Considered opinion: Home-grown terroristsAmerican terrorists: Why current laws are inadequate for violent extremists at home

By Jason M. Blazakis

Published 5 December 2018

For Americans, and for the U.S. government, terrorism is a foreign-linked threat, not a domestic danger. Groups which perpetrate violent acts at home are regarded as criminal groups, and law enforcement agencies treat and investigate them as such. The “terrorism” label is not used. Jason Blazakis, who for many years ran the office at the State Department in charge of terrorist designations, argues that this distinction needs to be changed. He offers a method for designating domestic terrorist groups, and for putting them on par with foreign-linked terrorists.

For more than ten years, Jason M. Blazakis led an office at the State Department responsible for sanctioning Foreign Terrorist Organizations (FTOs) and individuals we deemed “Specially Designated Global Terrorists” pursuant to Executive Order 13224. With very few exceptions, the specialists at the office spent their time sanctioning Islamic groups and Muslims. “In contrast, we never spent any time evaluating whether far-right extremist groups met the legal criteria to be identified by this label,” Blazakis writes in Lawfare.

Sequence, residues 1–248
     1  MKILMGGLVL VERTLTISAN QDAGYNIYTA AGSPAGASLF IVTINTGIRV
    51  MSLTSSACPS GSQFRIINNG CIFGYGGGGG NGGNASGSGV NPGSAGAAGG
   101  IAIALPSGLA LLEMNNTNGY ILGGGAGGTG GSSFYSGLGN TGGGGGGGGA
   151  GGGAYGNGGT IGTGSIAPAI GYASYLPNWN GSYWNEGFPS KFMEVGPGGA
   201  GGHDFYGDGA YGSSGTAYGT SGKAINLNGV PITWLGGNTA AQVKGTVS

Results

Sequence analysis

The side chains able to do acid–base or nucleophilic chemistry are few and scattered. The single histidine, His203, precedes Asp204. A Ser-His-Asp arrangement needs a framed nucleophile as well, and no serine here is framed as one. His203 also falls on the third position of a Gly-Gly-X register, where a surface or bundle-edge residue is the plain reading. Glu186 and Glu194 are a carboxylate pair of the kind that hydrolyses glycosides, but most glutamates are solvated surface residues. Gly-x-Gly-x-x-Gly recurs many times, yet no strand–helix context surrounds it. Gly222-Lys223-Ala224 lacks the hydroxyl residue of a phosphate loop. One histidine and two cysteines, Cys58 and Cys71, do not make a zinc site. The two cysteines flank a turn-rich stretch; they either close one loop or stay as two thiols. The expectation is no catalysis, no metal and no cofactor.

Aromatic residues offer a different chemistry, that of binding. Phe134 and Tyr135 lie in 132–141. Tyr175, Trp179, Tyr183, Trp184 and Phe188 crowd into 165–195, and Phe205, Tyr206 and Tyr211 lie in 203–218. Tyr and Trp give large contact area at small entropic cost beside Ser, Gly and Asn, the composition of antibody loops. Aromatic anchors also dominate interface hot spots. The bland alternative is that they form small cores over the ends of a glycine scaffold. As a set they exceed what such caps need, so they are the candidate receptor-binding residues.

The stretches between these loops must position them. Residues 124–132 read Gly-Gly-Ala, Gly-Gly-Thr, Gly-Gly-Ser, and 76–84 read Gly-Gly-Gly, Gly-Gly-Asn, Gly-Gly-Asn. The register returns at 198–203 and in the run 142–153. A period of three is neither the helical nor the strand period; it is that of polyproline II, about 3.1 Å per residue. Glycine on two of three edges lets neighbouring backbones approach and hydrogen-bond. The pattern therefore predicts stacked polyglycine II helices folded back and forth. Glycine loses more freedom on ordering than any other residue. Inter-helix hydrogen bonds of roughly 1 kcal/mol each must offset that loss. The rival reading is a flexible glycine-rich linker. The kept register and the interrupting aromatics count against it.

He continues:

Of course, many far-right groups are domestically based, and thus, not designatable by the State Department. The Immigration and Nationality Act outlines the legal criteria for FTO designations and it is explicit in prohibiting the Department of State from sanctioning groups with a significant domestic presence. Despite that limitation, the list of foreign-based right-wing groups is, like the list of their U.S. counterparts, long and growing. Yet no senior policymaker ever asked us to examine groups like the United Kingdom-based National Action, an organization proscribed as a terrorist entity by the British government.

Recent, terrible events—Cesar Sayoc’s pipe bombs and Robert Bowers’ mass shooting at the Tree of Life Synagogue—have solidified my view that the United States urgently needs a domestic terrorism law that allows a federal agency to officially label an individual or group as a Specially Designated American Terrorist (SDAT) or Domestic Terrorist Organization (DTO). According to the University of Maryland’s Global Terrorist Database, Americans living in the United States are more likely to be killed or injured in a terrorist attack carried out by a U.S. citizen than a foreign terrorist.